Eifion Evans, Chief Executive of Ceredigion County Council said, “Ceredigion County Council has benefitted from a decade of advice and considerations provided by Rif & Hywel. We welcome the new members of the committee and their input to the function of the Committee will be greatly appreciated.”
Standards Committees of local authorities exist to do all that is possible to promote and safeguard the standards that the public rightly expect from their elected representatives.
Ceredigion County Council Chairman, Councillor Paul Hinge, said, “Our thanks go to Rif and Hywel who have given their time to contribute to the Committee and we welcome the new members.”
The Committee is made up of five independent members, two county councillors and two town/community councillors. Meeting quarterly, reports for the Ethics and Standards Committee including dispensation applications can be found on the Council website: www.ceredigion.gov.uk.
Exciting new developments on the horizon for Lampeter Wellbeing Centre
At a Cabinet meeting held on 01 December 2020, it was agreed that Lampeter Leisure Centre would become the location of the Council’s first Wellbeing Centre in the County.
A significant amount of work and investment is to be made at the Leisure Centre which will improve the facility and the resources for years to come.
Over the coming months, as we see the plans and proposals for Wellbeing Centre develop, they will be shared with service users and the residents of Ceredigion.
Architects have been appointed to oversee the project and work will now begin on the proposed layout for the facility. The layout will be a reconfiguration of the existing facility in order to provide a Wellbeing Centre that can provide an enhanced range of Through Age Services, including Leisure Services to the residents of Lampeter and the mid of the county.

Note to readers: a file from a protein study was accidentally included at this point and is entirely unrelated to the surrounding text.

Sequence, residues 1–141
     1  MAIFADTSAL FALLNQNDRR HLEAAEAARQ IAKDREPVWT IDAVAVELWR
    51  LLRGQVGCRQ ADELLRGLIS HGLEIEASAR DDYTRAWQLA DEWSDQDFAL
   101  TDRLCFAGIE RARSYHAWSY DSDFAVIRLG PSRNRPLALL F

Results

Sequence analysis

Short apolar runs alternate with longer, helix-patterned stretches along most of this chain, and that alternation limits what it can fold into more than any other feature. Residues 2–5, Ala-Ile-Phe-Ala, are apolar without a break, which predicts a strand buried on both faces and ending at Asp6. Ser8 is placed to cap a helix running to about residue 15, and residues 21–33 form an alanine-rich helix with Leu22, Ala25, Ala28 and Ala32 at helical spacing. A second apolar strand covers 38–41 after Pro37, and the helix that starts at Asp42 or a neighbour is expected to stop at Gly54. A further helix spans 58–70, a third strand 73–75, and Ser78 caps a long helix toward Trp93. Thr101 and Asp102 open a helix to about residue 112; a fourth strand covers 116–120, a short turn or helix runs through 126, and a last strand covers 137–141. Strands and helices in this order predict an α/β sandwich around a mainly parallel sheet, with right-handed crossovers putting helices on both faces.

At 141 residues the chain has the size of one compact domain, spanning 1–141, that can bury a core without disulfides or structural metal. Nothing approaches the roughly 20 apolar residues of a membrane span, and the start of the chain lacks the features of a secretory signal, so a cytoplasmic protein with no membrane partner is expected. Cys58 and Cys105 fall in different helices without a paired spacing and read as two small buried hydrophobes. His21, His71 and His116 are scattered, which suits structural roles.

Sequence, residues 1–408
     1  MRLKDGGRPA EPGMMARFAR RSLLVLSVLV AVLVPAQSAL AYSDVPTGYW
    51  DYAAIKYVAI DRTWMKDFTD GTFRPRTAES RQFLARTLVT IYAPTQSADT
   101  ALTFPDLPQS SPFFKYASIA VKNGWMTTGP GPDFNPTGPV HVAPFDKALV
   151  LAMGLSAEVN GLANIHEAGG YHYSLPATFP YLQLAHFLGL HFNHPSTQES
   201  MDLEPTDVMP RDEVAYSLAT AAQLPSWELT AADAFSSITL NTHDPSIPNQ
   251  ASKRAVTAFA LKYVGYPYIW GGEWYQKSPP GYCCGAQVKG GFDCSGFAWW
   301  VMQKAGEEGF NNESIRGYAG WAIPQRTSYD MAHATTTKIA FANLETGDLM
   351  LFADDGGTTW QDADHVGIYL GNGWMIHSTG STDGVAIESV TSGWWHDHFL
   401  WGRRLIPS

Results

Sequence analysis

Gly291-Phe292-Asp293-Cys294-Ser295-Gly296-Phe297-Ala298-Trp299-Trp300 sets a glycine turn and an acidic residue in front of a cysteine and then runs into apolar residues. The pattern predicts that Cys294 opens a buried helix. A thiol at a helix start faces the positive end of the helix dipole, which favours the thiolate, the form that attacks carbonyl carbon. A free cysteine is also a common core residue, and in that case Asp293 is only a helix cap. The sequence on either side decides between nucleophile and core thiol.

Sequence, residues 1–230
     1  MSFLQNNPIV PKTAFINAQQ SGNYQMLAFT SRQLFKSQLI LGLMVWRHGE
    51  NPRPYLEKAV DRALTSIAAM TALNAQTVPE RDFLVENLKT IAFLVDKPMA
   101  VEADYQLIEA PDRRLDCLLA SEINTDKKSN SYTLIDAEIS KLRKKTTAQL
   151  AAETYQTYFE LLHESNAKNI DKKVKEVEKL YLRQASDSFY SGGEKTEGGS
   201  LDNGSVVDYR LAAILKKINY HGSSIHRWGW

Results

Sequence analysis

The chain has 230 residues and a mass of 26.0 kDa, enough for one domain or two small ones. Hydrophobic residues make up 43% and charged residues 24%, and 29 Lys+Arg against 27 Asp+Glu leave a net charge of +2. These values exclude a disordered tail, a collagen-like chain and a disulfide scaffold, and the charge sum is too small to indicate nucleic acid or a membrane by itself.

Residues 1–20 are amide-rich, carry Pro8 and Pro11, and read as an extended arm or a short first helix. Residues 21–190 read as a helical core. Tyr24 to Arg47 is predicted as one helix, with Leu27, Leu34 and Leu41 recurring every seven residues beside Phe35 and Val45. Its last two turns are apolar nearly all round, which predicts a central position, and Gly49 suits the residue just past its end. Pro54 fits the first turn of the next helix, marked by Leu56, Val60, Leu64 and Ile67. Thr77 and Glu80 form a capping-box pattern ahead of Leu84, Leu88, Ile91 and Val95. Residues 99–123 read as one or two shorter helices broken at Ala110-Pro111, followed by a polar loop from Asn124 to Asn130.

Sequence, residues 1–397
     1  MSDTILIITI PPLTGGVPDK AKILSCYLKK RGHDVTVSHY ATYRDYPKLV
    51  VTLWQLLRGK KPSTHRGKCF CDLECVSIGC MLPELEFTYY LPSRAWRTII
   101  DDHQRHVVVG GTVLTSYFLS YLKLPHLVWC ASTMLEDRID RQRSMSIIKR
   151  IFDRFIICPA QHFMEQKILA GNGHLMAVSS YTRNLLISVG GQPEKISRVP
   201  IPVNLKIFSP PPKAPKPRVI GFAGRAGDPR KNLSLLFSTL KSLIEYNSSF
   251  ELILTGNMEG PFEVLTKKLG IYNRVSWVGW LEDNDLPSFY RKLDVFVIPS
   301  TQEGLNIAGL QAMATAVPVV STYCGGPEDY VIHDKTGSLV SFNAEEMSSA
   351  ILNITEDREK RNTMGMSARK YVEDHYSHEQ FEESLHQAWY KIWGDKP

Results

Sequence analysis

Councillor Catherine Hughes, Ceredigion County Council Cabinet Member, said: “We are looking forward to the development of the new Wellbeing Centre at Lampeter. This will provide a range of services to residents within their local community.
This development comes at a welcome time, as Ceredigion Public Service Board is carrying out an Assessment of Local Wellbeing, in order to find out about the wellbeing of local people and communities, now and in the future.”
Lampeter Leisure Centre will be closed during the building works, but during this period alternative provision will be made available for all service users and clubs.
We look forward to being able to share these alternative plans with you over the coming weeks, as soon as these arrangements have been finalised.
UK Government must improve HGV drivers’ working conditions – Ben Lake MP
FOLLOWING his contribution during PMQs on September 8 regarding the HGV driver crisis, Ben Lake MP has raised the issue again, with Minister Grant Shapps.
Ben Lake MP has said:
“Many constituents who work in the HGV industry have come forward to share their experiences with me about the HGV driver crisis. As well as expressing grave concern, they have also shared ideas and long-term solutions that would greatly improve the current situation.
“It’s important that the UK Government listens and gives full consideration to these suggestions and I look forward to meeting with the Minister in the near future to discuss them further.”